synthesis will simply be less efficient and recovery will be slower to take
place. This will cause potential users to have to weigh the positives and
negatives of administering Naproxen. It will help with delayed onset muscle
soreness, joint pain, and other common maladies of weight trainers but may
also negatively impact recovery post-workout. At the very least the use of
Naproxen should be limited to those instances when a user requires it to
alleviate moderate to severe pain and not just regular soreness that results
from intense weight training or activity.
Naproxen is available in an oral, topical and injectable versions of the drug.
For most users however the oral tablets or capsules will be the most commonly
used and available means of administering the drug. There is little to no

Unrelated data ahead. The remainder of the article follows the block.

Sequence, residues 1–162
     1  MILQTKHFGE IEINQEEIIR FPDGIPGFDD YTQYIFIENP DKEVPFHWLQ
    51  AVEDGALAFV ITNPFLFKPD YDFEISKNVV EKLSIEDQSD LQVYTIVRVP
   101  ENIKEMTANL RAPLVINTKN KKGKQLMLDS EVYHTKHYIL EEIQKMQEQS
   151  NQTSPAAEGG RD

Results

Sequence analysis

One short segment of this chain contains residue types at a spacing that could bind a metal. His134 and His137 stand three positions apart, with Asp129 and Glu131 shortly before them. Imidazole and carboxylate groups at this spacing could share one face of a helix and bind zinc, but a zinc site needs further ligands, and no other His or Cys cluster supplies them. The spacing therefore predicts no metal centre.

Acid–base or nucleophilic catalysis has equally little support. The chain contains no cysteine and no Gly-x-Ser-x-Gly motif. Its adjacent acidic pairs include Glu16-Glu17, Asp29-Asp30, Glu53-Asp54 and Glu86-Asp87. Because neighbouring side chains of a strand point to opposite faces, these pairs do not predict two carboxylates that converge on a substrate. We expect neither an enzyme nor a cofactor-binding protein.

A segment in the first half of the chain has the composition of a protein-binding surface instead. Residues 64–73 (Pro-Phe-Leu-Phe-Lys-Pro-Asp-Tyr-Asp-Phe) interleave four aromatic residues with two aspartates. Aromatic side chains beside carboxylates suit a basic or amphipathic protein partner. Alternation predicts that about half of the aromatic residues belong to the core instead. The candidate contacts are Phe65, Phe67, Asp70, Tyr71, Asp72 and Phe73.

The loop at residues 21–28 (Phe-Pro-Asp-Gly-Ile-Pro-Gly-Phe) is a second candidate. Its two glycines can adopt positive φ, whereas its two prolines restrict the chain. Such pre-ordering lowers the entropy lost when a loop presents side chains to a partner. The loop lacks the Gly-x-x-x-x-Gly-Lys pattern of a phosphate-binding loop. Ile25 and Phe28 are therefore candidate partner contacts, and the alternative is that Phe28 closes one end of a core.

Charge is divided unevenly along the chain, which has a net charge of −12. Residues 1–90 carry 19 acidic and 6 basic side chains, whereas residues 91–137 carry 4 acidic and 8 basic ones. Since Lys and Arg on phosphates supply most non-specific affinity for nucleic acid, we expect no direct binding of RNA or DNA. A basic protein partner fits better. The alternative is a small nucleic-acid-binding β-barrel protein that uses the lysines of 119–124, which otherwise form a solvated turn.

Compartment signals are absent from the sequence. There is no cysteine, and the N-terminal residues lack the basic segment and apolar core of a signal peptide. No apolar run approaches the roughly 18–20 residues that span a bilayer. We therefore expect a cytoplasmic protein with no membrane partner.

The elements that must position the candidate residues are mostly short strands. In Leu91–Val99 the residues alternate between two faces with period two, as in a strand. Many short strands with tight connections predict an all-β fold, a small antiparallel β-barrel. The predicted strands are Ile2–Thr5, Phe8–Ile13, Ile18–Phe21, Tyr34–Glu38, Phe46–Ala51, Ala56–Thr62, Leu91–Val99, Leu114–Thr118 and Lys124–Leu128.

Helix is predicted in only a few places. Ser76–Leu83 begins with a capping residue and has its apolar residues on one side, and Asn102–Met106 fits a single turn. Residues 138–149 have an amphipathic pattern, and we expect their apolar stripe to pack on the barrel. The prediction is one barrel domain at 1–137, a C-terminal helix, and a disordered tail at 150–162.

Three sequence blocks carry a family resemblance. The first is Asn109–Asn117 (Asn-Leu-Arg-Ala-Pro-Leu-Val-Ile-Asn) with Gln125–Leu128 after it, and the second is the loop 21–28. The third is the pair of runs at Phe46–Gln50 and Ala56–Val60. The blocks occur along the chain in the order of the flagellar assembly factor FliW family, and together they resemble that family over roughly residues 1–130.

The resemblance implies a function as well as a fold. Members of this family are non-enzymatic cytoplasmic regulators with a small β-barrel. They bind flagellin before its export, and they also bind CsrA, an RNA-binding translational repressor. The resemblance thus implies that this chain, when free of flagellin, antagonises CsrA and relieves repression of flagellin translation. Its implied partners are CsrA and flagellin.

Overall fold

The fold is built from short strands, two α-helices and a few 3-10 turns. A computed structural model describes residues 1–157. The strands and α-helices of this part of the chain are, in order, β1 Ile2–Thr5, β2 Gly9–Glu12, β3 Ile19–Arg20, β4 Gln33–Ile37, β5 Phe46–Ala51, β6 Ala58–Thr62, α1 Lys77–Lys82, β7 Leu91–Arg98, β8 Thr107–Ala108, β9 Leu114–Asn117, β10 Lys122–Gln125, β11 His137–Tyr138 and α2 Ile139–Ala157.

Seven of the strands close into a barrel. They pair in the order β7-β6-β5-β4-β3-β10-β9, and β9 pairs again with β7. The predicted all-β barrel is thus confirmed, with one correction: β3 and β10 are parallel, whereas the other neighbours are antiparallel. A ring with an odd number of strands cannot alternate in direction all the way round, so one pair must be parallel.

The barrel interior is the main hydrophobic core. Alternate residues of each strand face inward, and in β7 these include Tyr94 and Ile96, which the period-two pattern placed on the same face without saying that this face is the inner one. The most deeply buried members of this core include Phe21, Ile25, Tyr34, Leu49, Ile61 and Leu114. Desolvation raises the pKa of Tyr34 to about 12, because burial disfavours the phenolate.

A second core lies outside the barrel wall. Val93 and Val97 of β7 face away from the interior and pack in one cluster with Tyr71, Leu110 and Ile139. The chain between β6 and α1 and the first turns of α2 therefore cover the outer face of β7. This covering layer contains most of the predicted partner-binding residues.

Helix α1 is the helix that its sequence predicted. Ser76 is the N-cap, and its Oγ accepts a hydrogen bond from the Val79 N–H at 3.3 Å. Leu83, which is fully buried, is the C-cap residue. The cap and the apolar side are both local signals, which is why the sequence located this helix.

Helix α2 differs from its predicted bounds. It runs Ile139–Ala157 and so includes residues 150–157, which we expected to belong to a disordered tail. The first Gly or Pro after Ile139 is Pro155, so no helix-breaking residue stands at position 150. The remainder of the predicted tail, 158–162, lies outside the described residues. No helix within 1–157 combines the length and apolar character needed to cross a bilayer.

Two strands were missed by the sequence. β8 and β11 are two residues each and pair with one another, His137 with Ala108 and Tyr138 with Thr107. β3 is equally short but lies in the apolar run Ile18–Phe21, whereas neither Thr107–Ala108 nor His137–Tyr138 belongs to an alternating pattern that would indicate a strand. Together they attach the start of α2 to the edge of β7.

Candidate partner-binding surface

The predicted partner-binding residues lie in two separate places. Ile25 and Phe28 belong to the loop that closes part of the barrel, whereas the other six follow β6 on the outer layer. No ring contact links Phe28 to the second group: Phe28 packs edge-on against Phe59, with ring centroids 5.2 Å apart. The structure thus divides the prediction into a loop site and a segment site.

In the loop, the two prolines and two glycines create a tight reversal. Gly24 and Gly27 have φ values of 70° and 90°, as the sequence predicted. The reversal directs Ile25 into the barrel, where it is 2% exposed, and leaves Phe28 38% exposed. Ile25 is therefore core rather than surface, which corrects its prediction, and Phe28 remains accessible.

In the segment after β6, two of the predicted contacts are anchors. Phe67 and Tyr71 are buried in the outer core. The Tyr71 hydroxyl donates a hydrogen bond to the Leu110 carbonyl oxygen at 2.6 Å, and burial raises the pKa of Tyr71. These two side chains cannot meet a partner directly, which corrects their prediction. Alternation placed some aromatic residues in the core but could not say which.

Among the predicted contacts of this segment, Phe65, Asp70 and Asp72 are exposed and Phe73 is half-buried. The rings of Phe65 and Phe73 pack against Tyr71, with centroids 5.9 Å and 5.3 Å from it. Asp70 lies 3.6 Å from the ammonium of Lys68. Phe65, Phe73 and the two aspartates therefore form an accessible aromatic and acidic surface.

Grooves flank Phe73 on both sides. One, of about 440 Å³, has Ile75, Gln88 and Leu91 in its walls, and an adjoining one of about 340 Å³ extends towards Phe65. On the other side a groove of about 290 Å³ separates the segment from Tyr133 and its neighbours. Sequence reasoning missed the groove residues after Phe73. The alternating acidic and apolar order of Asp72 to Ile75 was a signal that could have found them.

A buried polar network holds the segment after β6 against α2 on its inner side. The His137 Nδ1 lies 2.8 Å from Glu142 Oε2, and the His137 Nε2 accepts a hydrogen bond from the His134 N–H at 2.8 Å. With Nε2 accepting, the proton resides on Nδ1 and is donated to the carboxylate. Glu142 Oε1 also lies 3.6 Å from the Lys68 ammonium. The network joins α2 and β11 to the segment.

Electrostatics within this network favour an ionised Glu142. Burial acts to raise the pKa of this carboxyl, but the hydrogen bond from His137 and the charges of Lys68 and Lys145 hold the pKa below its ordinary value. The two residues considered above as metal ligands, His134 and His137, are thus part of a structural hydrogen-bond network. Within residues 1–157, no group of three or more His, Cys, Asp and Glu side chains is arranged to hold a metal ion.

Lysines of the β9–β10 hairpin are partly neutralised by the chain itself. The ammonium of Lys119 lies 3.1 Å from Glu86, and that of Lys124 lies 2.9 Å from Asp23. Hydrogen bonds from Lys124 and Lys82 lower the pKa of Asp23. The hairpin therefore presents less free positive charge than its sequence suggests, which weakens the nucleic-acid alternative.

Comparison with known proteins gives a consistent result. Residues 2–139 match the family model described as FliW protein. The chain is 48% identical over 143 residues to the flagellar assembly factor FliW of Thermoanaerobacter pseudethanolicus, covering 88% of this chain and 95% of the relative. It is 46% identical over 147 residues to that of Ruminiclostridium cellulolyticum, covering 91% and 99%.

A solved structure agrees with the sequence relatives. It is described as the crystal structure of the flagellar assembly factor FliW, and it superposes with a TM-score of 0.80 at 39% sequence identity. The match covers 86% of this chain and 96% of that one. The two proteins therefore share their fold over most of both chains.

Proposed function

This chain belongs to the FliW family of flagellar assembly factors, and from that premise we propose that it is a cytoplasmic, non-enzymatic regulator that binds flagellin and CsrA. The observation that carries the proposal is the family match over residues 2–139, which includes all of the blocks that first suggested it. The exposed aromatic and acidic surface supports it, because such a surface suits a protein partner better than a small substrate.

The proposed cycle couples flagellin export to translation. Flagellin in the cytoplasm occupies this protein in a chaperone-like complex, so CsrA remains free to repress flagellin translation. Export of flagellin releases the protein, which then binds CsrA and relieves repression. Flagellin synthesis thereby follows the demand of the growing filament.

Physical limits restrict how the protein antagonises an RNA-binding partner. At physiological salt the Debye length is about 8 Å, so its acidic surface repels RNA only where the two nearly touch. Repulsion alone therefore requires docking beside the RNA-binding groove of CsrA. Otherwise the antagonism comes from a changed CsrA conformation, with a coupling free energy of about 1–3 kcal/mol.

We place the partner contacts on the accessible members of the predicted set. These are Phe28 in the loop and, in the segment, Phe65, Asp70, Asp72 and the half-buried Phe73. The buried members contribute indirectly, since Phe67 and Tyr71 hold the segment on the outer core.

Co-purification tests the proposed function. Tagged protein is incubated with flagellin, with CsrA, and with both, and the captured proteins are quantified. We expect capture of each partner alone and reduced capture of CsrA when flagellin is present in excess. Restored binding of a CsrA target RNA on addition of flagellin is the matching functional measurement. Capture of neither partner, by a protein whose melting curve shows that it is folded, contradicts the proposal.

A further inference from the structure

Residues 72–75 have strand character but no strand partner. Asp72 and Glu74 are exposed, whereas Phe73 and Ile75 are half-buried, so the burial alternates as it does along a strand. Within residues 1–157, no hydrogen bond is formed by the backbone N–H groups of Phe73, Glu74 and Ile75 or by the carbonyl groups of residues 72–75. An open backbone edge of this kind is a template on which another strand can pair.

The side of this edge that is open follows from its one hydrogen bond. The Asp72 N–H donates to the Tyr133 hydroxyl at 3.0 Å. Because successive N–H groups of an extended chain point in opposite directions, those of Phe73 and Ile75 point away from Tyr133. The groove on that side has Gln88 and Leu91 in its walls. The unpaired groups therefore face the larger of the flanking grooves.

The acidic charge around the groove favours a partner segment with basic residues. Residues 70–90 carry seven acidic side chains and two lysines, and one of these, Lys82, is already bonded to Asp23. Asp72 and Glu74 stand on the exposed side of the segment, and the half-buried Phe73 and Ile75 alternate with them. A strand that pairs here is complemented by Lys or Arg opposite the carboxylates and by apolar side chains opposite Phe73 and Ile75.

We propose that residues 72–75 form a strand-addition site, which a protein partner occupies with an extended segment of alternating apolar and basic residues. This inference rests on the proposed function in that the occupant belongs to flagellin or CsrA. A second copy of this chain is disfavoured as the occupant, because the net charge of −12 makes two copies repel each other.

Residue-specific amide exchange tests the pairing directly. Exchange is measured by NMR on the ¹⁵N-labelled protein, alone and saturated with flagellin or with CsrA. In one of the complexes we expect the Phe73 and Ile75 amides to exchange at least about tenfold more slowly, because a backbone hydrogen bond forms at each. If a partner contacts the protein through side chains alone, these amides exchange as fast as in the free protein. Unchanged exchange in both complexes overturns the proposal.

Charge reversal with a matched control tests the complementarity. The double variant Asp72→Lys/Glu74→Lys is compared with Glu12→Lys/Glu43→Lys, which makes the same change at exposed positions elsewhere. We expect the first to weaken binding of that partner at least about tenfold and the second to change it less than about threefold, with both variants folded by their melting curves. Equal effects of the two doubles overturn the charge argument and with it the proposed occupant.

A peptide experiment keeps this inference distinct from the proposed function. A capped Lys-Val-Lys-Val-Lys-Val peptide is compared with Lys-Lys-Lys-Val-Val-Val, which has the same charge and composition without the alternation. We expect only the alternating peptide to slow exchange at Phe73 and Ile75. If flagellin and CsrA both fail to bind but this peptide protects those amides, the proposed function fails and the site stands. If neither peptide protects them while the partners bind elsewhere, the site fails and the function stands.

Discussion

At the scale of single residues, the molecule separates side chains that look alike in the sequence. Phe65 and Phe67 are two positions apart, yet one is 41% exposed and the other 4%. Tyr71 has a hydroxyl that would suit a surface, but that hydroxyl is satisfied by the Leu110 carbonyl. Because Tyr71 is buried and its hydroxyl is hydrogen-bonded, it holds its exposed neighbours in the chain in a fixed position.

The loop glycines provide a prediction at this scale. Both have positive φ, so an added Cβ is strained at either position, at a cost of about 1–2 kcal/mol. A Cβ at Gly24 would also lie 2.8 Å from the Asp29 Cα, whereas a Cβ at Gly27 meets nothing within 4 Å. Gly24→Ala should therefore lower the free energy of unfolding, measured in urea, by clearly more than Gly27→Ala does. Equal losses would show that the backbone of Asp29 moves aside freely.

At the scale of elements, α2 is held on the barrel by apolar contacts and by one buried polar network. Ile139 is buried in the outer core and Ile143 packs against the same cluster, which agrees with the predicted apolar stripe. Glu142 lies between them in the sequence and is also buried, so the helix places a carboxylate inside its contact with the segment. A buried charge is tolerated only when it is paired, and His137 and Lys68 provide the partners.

reason why for anyone other then those with serious medical conditions to
administer the drug using the injectable version. The topical version of
Naproxen would be impractical and unnecessary for most users as well.
In terms of dosing for the drug, the low end dose is primarily stated as being
approximately two hundred milligrams per dose. This dose can increase
substantially depending on the tolerance of the user, the condition that is
attempting to be alleviated, and the individual reaction of the user to the
drug, among other variables (2). Due to the active life of the drug being
between eight and sixteen hours in length two or three doses throughout a
twenty-four hour period may be necessary to ensure that the effects of the
drug remain continuous if needed.
As for the duration that one can run Naproxen, this depends on the dosages and
frequency with which the user is administering the drug. As will be discussed
below in the Risks/Side Effects section of this profile, there is some concern